In a bid to sway voters, George Osborne is predicting Armageddon in every economic sector as the collateral damage of Brexit. This week he pointed the finger at property prices, predicting a significant dampening if the UK votes to leave.
The chancellor is correct that the property market does stall in the face of investor uncertainty, clearly demonstrated in general election years. On average, this translates into a 15 per cent reduction in transactions in Prime Central London (PCL).
The 2015 general election saw sales volumes fall 18 per cent, but all the evidence suggests that markets rally thereafter, regardless of the outcome. In 2005, the last time Labour were elected into power, transactions fell a staggering 31 per cent in the lead up to the election but bounced back 26 per cent after the result. In 2015, despite the significant tax headwinds impacting the market, the pre-election fall was counteracted by an 8 per cent increase in sales shortly afterwards.
A delay in reporting time for property sales means that little information is currently available as to any hold-back around EU referendum jitters. In fact, recent figures from the Council of Mortgage Lenders show gross mortgage lending in the first quarter up 60 per cent over a year ago. This, however, is distorted by buyers beating the new Stamp Duty charges for additional properties which came into effect in April. The anomaly is likely to magnify any fall away in transactions pre-referendum.
Although a hold-back, akin to a general election, is anticipated and anecdotally palpable as the referendum debate heats up, the upshot is that now is an excellent time for investors to buy. A slightly softer market, as Brexit uncertainty is compounded by the current tax headwinds, offers plenty of opportunity, particularly in PCL’s sub-£1m sector. Relatively unscathed by new legislation, it continues to show robust growth.
Despite the prospect of fewer buyers, a slowdown in sales is not expected to have a marked knock-on effect on prices. With little dependency on mortgages, PCL investors are unlikely to be forced to sell due to economic uncertainty. During the global credit squeeze, for instance, transactions fell a staggering 70 per cent as the crisis ensued but prices fell just 14 per cent as investors preferred to hold onto their assets and await economic clarity. Prices bounced back to par in 2010, just one year later.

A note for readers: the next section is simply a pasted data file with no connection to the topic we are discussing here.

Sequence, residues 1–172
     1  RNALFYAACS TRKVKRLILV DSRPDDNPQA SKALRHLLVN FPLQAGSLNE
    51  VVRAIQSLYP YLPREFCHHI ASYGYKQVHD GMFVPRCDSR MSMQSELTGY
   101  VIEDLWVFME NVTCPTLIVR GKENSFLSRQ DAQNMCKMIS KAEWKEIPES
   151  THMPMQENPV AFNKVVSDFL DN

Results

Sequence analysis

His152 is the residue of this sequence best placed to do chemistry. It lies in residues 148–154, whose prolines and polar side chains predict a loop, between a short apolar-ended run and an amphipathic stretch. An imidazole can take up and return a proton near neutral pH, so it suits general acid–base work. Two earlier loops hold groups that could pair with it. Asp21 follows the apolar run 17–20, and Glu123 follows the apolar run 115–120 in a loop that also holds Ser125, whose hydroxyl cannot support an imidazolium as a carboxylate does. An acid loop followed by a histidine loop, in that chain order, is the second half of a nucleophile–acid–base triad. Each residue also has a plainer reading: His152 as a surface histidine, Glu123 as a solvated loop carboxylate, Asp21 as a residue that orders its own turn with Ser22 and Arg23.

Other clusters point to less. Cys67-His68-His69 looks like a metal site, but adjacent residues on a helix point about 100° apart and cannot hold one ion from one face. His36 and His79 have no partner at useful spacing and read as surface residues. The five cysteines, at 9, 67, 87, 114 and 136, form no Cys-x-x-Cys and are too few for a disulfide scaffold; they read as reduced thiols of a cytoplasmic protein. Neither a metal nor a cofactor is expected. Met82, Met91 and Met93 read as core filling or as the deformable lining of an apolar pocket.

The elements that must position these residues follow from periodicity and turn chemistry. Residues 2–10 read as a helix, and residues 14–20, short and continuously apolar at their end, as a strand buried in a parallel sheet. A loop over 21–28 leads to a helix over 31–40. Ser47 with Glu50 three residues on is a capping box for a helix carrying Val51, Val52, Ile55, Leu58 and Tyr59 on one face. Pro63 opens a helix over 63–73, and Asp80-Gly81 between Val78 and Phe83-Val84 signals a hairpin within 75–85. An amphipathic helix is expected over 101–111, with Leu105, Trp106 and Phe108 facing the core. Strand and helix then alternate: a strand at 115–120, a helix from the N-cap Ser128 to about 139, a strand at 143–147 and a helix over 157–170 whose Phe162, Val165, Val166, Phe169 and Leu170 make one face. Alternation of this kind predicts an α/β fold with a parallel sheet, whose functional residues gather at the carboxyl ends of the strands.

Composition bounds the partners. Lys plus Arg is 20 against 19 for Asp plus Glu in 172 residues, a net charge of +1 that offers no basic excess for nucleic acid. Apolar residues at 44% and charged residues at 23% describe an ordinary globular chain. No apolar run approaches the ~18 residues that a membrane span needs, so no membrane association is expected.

How would the different referendum outcomes affect the market? In the event of a remain vote, a return to the status quo and a hardening of prices is expected. But a return of investors is not always immediate, particularly in the face of the current tax environment. As with the 12 month lag during the credit crunch, a bounce-back following a stay vote is not anticipated until next year.
A global capital, directly affected by international, not domestic, concerns, PCL is probably most exposed to any future Brexit impacts if Britain votes to leave.
But Europe has only played a limited role in attracting international capital to the London property market, representing only 12 per cent of buyers in PCL, according to our analysis. An unlikely total withdrawal will have little net effect on property prices.
On the other hand, further currency devaluation will increase London’s attractiveness to international investors worldwide. Brexit uncertainty has already driven sterling to lows not seen since the global credit squeeze. Dollar-denominated investors are enjoying discounts of almost a fifth. Further depreciation, as a result of an exit, will only augment PCL’s global attractiveness. While property nationwide will not benefit from this currency move, it should create a tailwind for foreign buyers coming into PCL property.
Worldwide, investors are attracted by London’s reputation as a cultural, educational and financial centre, together with its rule of law, and political and economic stability – all factors unaffected by a UK exit. From a property perspective, people will continue to be drawn to this, whether or not the UK is a smaller power outside the EU bloc.